We also ask you to pressure the International Criminal Court to include rape and sexual violence in the charges filed against these war criminals. Finally, we ask for assistance to pursue the legal reforms needed in Congo to end impunity for rape and sexual violence in war. We need Zero Tolerance on rape and sexual violence – at all levels of the justice system.
4. We ask that the American government and U.S. multinational corporations contribute financially to the recovery and healing of the women and the communities, because your economy benefits from the minerals of the Congo. The women and families need medical and psychological services to heal from the trauma to their bodies and minds. There are also children born of rape who live as orphans, because the community has rejected them and sees them as “ticking bombs” who will grow up to become like the rebels. These women and children are left with nothing.
5. Another part of this recovery is to help Congo to strengthen the formal economy in the eastern provinces, and end the profitability of blood minerals. We ask that you work with the U.S multinational corporations to develop ways to ensure that Congolese minerals imported to the U.S. are “conflict-free” and that the security, infrastructure and capacity and of the eastern provinces is built up through this investment. Economic recovery is part of the total recovery of the women and their communities.
6. Lastly, I would like for the U.S. to have an increased presence in the eastern Congo. Toward that end, I invite the American government and private sector to send a delegation to the East to see the reality on the ground and explore ways to improve security and promote the formal economy. Having a presence in the East would also allow the U.S. government to have a better sense of what is happening in the area and would help the U.S. to be a better advocate for women and families.
When a gorilla is killed in the mountains, there is an outcry, and people mobilize great resources to protect the animals. Yet more than 500,000 women have been raped, and there is silence.
I’d like to conclude by expressing our hope for the future. There are many people and organizations in the eastern Congo working tirelessly for peace, justice and healing. This good work can be more effective and help even more people if we have the support we are requesting.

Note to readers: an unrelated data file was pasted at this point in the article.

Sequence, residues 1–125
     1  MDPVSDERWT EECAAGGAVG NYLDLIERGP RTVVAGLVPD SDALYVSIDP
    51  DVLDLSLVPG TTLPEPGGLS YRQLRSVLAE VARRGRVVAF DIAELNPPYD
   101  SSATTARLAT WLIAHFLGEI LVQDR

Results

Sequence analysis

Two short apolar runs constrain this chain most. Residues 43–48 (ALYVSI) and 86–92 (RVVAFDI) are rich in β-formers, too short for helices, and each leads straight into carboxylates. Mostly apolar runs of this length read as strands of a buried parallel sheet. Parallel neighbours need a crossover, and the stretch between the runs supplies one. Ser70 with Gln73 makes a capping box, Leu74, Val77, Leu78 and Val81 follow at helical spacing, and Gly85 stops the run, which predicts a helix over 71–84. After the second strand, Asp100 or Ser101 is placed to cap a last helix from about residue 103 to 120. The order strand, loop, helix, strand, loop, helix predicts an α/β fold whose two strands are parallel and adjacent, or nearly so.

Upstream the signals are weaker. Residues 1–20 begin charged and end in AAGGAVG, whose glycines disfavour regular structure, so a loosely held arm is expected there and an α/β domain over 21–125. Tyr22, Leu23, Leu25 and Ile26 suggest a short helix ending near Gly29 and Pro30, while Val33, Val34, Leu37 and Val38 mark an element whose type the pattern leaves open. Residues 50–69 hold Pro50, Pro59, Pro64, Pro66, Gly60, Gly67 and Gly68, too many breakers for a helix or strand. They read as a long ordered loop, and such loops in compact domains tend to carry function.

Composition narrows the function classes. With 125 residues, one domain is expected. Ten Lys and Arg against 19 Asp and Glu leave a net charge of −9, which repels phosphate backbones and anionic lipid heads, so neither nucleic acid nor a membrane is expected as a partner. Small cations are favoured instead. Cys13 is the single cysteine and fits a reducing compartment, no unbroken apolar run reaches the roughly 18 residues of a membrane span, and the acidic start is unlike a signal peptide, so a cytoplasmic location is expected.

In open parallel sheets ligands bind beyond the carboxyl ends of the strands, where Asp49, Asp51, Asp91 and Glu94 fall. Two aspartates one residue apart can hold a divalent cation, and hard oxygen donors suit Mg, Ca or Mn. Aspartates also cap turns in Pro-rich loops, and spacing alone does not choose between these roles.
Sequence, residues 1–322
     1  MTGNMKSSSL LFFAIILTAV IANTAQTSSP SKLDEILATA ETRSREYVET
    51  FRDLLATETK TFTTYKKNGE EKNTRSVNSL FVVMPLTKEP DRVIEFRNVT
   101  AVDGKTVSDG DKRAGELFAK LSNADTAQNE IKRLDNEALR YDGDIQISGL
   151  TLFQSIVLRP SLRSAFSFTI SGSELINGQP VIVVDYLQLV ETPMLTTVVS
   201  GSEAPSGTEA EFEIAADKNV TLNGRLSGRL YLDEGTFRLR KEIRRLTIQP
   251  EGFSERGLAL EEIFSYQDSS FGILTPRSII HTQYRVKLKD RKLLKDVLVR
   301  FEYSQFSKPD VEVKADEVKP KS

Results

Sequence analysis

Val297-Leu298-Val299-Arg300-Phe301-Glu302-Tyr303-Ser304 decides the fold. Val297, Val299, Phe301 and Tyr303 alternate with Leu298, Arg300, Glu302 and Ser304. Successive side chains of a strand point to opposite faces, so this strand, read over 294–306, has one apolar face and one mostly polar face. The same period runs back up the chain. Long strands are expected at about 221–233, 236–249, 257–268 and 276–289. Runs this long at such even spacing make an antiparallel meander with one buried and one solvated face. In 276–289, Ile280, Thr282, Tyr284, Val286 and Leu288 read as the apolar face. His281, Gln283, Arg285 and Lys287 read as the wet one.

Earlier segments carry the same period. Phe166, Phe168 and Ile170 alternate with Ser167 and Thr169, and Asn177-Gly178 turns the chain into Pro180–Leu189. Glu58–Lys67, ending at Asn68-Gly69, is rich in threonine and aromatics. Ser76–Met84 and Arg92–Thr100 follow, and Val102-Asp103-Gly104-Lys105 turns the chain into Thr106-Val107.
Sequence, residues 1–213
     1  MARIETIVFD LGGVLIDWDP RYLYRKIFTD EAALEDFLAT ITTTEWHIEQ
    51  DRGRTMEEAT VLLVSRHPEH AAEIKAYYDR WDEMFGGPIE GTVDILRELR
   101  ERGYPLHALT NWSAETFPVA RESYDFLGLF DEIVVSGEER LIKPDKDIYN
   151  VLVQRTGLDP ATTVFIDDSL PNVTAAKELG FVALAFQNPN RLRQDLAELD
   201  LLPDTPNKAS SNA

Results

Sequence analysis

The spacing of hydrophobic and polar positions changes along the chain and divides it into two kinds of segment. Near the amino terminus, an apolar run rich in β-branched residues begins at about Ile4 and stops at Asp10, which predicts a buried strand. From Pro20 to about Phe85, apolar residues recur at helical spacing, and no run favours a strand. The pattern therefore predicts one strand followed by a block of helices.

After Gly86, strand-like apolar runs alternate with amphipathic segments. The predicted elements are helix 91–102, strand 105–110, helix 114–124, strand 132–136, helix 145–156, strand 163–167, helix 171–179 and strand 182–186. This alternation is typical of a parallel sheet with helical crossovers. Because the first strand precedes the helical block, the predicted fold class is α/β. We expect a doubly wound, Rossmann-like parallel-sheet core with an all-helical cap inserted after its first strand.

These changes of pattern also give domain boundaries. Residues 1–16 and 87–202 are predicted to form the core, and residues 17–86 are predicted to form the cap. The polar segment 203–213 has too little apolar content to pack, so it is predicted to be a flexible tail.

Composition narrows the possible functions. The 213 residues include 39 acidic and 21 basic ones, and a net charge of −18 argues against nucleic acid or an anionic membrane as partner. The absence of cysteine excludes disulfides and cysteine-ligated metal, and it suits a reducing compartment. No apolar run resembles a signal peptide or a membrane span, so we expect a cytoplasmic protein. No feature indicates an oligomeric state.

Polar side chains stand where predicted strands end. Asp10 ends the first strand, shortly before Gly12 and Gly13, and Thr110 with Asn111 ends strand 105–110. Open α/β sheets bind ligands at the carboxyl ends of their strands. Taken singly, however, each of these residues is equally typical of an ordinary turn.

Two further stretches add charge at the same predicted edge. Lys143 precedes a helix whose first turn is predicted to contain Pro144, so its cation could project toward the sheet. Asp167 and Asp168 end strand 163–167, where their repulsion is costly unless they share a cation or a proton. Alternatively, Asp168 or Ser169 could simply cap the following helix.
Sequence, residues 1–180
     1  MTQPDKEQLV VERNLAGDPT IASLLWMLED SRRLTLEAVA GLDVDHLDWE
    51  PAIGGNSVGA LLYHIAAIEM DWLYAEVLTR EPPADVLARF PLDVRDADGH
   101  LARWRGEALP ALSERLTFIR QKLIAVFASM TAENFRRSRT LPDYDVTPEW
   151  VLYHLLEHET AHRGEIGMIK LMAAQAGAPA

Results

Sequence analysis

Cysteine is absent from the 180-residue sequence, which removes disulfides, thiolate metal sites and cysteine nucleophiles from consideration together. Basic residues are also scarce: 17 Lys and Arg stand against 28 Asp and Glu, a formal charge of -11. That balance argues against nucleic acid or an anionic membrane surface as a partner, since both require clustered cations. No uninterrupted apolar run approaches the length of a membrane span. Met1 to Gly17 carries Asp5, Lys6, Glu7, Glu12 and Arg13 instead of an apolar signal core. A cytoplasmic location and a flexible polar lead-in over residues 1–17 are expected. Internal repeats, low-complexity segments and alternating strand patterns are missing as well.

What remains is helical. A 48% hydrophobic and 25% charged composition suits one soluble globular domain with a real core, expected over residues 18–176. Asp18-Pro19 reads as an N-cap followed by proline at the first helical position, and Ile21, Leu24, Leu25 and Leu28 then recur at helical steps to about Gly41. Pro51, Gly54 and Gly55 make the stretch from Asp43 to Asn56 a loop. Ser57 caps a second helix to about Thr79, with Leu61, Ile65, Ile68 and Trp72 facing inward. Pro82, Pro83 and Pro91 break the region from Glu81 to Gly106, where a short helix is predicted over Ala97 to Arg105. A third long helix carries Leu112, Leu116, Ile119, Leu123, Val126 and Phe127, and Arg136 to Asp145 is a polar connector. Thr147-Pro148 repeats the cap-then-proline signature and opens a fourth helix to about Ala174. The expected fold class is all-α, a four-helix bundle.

We, the women of the Congo, want to work with you, and we need your support to stand with dignity. Stand with us, and help us to heal our nation.
Thank you for your attention.
*Known as Association des Femmes des Medias du Sud Kivu (AFEM-SK)
 Forces Démocratiques de Libération du Rwanda, or Democratic Forces for the Liberation of Rwanda
On May 13, Chouchou Namegabe of the Democratic Republic of Congo testified before the Senate Foreign Relations Committee at the hearing “Confronting Rape and other forms of Violence Against Women in Conflict Zones.” Seated on a panel alongside U.S. Ambassador-at-Large for Global Women’s Issues Melanne Verveer, Eve Ensler, Niemat Ahmadi, John Prendergast, Robert Warwick and U.S. government representatives, Chouchou powerfully presented the need for immediate action to protect women, end the war and provide assistance for victims.
At the conclusion of her testimony, Committee Chair Sen. Barbara Boxer said, choking back tears: “In the Senate today, the silence on this issue has ended … This has probably been one of the most difficult hearings I’ve ever had the privilege to chair. I’m so ashamed of the human race sometimes … and I pledge to you that I mean that this voice is going to be heard.”
To break the silence and get involved in the struggle for justice and against the rape of Congo’s women and resources, join Friends of the Congo, www.friendsofthecongo.org.